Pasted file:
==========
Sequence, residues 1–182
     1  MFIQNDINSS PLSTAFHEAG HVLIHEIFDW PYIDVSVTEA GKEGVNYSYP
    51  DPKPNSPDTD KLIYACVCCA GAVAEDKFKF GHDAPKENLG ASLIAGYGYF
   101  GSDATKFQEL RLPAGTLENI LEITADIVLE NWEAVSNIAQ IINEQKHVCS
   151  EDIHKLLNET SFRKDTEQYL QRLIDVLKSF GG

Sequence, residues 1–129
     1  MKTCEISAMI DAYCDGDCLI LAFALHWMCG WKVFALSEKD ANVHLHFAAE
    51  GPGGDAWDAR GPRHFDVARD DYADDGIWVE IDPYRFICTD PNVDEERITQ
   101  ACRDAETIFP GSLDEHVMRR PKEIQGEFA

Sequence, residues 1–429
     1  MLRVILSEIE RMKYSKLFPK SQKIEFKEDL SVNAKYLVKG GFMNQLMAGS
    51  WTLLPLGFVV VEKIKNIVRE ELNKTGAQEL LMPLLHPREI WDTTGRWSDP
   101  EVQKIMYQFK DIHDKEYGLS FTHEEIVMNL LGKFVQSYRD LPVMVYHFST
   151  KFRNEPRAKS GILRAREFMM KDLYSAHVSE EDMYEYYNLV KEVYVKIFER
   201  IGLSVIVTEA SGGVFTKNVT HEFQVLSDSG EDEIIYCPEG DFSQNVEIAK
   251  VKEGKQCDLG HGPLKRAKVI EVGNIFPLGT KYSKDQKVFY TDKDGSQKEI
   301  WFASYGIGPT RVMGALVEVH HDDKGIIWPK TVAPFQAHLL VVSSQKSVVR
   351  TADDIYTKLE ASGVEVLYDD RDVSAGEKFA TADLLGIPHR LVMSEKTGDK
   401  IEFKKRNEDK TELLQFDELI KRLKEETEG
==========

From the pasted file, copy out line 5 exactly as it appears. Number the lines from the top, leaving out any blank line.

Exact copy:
   151  EDIHKLLNET SFRKDTEQYL QRLIDVLKSF GG